This site is intended for health professionals only

At the heart of general practice since 1960

Missing the point of PBC

PBC needs to provide quality primary care – focusing on prevention rather than treatment – and the rest will follow, says Andrew Donald of Birmingham East and North PCT

PBC needs to provide quality primary care – focusing on prevention rather than treatment – and the rest will follow, says Andrew Donald of Birmingham East and North PCT

The current focus of PBC on resources, budgets and freed-up resources is missing the point.

The financial – and quality – challenge ahead requires the NHS to shift its emphasis from treatment to one of prevention.

This requires world-class primary care – the successful GP commissioner of tomorrow will be a high-quality provider of primary care today.

If GPs can change the pattern of patient care by using the community-based services available, thousands of patients will avoid being admitted to hospital or patients turning up at A&E. This in itself will save hundreds of thousands of pounds.

In NHS Birmingham East and North we followed Department of Health guidance on PBC and it didn't work. We devolved responsibilities as required but discovered that we retained full control. Our clinical engagement, as evidenced through World-Class Commissioning competencies, was good but the incentives for GPs to engage in PBC were limited, so there was no real transformation.

But we knew that if we could harness GPs' skills as providers in commissioning the pattern of care, real change and savings would follow.

So eight months ago we embarked with practices on setting up an alternative PBC scheme. We agreed to devolve all the management costs to localities and to develop a PBC business unit with PCT staff who would support the practices to enable successful commissioning. These two actions mean that some £2m in support costs has been devolved.

The next step in the scheme is to develop partnering agreements with practices that link the provision of primary care with commissioning. If practices achieve objectives under this arrangement, they will receive a reward payment. We describe this as a QOF Plus payment.

The key to the partnering arrangement is that the objectives are mutually agreed so they support the PCT in meeting its goals while ensuring the objectives also meet practice-based commissioners' requirements. If successful we believe this will reduce the costs of healthcare and the QOF Plus payment could grow year on year.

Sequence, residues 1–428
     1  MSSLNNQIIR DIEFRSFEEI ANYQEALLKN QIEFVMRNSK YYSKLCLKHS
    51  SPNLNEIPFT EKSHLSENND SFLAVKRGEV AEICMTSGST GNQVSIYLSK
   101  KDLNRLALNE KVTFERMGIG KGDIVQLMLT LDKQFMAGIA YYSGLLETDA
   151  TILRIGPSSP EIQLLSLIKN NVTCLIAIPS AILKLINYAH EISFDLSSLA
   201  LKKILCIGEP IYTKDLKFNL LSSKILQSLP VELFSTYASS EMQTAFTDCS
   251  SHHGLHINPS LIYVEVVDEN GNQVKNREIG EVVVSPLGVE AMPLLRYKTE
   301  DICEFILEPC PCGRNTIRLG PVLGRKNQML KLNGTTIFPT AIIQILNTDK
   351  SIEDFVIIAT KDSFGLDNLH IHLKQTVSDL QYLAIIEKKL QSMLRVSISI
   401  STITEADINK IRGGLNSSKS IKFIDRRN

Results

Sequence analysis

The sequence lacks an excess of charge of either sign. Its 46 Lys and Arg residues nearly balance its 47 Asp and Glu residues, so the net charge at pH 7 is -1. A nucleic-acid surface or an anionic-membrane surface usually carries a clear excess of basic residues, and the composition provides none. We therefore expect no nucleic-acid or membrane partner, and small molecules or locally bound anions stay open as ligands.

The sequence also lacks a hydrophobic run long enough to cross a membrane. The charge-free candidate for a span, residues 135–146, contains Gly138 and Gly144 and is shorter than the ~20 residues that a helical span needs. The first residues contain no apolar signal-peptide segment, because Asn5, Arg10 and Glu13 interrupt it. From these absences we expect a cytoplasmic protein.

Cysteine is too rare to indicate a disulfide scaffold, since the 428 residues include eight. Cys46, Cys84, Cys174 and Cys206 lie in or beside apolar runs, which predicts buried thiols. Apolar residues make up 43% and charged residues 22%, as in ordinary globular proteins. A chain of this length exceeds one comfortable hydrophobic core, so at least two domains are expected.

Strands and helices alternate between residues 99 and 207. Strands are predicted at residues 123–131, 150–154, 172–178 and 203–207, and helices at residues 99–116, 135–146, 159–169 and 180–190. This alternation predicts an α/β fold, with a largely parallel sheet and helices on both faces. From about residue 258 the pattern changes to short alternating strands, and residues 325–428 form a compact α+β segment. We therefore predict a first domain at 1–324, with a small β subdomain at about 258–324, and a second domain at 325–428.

Practice-based commissioners often ask us what good commissioning looks like.

I always say good commissioning comes from excellent provision.

For example, our PCT developed Birmingham Own Health, a telephone-based service for people with long-term conditions. If all practice-based commissioners were to refer appropriate patients into this service we know that, based on current evidence, clinical outcomes would improve, unplanned visits to hospital would be reduced and over time costs of treatment would fall.

Looking at PBC in this way seems to have captured GPs' attention and focused minds differently. We don't talk about budgets or freed-up resources but we do talk about managing demand, using services appropriately and using primary care clinical leaders to change patterns of care.

This approach, we believe, demonstrates how world-class primary care can be achieved by reframing the objective, the rules and the relationship.

Andrew Donald is chief operating officer of Birmingham East and North PCT

Rate this article 

Click to rate

  • 1 star out of 5
  • 2 stars out of 5
  • 3 stars out of 5
  • 4 stars out of 5
  • 5 stars out of 5

0 out of 5 stars

Have your say